The proportion of correct diagnoses is low in emergency patients with nonspecific complaints presenting to the emergency department
OBJECTIVE: To determine the proportion of correct emergency department (ED) diagnoses and of hospital discharge diagnoses, in comparison with final diagnoses at the end of a 30-day follow-up, in patients presenting with nonspecific complaints (NSCs) to the ED; to determine differences between male and female patients in the proportion of missed diagnoses.
METHODS: Prospective observational study. Diagnoses made at the ED, hospital discharge diagnoses, and final diagnoses were compared.
RESULTS: Of 22,782 nontrauma patients presenting to the ED from May 2007 until May 2009, 9,926 were triaged as emergency severity index level 2 or 3, of whom 789 presented with NSCs. After exclusion of 217 patients, 572 were included for final analysis.
The final diagnosis at the end of follow-up was taken to be the correct “gold standard” diagnosis. In 263 (46.0%) patients, this corresponded to the primary ED diagnosis, and in 292 (51%) patients to the hospital discharge diagnosis. The most frequent final diagnoses were urinary tract infections (n = 49), electrolyte disorders (n = 40) and pneumonia (n = 37), and were correctly diagnosed at the ED in 23, 21 and 27 patients, respectively. Of the twelve most common diagnoses (corresponding to 354 patients), functional impairment was most frequently missed. Among these 354 patients, diagnoses were significantly more often missed in women than in men (142 of 231 [62%] women vs 57 of 123 [46%] men, p = 0.004).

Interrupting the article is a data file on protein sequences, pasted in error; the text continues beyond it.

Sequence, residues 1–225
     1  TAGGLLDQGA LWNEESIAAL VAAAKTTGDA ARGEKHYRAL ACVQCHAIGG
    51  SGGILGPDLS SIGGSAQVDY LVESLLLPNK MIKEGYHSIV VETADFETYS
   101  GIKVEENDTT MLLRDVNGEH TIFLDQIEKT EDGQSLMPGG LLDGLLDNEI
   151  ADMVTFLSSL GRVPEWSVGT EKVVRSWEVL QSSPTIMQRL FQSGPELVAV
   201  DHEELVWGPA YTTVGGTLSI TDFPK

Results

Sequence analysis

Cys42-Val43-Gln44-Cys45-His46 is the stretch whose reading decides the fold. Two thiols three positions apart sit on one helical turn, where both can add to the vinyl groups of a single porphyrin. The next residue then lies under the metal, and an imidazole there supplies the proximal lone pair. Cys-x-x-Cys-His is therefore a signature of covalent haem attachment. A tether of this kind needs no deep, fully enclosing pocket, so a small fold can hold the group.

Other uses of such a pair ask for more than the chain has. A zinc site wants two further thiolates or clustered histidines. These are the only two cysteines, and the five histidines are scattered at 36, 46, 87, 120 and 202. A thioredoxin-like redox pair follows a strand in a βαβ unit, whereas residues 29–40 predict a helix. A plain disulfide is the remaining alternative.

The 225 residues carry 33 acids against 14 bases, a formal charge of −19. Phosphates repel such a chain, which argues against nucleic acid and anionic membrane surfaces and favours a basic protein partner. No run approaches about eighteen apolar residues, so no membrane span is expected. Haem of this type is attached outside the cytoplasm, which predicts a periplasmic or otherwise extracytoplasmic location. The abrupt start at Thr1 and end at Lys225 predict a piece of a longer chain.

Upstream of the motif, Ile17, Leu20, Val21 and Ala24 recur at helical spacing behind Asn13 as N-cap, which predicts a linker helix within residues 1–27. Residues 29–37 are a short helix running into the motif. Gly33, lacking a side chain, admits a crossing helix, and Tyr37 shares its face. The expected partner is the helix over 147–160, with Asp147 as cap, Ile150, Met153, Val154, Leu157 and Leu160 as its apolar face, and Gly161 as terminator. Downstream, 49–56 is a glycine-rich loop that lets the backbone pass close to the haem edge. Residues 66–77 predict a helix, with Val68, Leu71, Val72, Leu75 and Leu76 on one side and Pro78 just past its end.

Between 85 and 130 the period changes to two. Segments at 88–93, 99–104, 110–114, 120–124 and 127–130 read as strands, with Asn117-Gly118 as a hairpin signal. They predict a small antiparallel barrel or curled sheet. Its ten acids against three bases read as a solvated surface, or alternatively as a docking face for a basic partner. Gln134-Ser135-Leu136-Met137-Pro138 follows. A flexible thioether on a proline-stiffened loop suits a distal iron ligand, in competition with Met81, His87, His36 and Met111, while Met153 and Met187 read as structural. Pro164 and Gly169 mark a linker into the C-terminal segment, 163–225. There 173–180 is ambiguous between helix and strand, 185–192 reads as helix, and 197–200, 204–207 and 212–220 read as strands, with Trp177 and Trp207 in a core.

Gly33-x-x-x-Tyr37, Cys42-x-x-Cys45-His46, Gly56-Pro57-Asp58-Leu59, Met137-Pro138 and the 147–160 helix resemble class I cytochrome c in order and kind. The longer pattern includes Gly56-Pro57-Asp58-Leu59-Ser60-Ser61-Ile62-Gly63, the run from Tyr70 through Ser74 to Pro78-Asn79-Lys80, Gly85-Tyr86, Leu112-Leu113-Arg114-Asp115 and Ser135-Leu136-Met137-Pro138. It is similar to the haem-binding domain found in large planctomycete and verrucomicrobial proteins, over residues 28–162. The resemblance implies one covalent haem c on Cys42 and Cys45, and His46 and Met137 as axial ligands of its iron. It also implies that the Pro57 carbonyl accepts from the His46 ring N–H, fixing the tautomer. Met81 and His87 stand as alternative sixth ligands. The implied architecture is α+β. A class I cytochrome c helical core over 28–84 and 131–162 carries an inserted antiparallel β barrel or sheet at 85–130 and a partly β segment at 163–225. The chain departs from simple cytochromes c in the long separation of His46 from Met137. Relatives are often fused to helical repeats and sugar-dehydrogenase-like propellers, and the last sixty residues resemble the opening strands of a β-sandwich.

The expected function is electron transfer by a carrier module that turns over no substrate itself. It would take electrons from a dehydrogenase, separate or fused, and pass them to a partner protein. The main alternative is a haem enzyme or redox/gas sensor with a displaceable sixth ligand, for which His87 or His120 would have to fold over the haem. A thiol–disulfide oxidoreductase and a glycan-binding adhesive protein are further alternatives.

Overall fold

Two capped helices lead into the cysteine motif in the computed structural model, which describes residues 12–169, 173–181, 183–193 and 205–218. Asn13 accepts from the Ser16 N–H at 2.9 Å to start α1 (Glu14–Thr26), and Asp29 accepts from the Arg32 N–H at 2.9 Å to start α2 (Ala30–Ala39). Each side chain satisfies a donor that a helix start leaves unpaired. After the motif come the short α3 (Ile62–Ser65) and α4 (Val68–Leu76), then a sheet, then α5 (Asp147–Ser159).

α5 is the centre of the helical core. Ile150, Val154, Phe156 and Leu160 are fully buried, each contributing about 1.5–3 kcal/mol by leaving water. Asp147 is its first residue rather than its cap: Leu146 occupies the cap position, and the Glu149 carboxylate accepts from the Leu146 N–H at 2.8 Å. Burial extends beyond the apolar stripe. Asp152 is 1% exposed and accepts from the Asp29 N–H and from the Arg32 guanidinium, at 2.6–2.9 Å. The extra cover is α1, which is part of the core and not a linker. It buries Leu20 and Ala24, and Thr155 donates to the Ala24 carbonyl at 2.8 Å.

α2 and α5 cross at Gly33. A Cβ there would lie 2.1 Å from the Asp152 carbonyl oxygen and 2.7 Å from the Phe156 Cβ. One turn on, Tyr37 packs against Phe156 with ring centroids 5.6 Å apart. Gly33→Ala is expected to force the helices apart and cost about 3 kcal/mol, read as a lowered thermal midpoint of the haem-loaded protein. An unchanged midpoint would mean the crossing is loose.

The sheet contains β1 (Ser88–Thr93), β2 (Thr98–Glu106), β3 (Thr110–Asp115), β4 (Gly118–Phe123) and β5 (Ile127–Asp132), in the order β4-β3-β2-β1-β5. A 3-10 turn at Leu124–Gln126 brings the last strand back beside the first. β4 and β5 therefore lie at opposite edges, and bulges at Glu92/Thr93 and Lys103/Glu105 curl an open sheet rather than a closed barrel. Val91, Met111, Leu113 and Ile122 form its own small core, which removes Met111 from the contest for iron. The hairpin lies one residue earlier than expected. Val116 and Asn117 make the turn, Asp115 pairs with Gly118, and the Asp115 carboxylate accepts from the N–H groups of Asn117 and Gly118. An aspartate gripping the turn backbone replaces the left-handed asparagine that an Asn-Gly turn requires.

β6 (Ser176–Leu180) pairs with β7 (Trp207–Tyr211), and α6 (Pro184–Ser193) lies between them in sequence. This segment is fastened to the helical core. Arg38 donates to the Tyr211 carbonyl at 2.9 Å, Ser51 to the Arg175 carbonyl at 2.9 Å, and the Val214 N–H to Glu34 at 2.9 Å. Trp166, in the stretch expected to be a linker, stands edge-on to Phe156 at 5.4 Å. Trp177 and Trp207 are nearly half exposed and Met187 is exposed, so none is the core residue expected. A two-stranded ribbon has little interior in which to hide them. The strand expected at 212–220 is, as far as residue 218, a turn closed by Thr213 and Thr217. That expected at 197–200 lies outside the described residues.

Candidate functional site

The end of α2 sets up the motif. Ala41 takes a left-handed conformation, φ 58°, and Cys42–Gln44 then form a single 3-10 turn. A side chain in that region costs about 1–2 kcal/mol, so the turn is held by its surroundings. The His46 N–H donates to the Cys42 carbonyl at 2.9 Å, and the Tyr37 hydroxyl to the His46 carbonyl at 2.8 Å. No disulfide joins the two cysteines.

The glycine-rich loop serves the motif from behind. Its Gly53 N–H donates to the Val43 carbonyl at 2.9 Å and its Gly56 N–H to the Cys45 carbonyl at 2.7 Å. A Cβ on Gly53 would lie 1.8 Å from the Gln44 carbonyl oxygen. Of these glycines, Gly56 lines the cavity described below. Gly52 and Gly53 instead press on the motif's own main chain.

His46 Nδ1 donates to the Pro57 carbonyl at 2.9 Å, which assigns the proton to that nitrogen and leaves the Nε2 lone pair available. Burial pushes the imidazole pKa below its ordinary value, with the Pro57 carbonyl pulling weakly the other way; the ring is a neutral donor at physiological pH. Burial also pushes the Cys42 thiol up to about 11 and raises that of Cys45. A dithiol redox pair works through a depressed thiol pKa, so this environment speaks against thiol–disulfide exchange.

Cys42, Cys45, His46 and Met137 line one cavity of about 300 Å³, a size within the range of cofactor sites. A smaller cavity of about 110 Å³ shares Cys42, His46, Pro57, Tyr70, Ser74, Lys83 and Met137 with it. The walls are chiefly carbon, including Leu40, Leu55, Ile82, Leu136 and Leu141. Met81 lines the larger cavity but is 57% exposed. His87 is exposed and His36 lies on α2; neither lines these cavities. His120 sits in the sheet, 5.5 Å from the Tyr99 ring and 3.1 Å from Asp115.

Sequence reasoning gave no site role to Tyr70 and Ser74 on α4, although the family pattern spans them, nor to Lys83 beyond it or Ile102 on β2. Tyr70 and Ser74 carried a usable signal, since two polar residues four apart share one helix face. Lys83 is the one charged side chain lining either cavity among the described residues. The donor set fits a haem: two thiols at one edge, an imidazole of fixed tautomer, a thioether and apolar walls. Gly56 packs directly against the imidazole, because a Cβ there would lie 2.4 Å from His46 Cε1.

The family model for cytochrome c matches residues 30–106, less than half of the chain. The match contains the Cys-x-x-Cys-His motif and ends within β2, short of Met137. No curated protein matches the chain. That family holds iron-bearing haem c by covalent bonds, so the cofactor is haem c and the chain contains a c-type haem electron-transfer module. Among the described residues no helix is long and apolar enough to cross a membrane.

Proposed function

CONCLUSION: Patients presenting to the ED with NSCs present a diagnostic challenge. New diagnostic tools are needed to help in the diagnosis of these patients.
ClinicalTrials.gov registration number: NCT00920491
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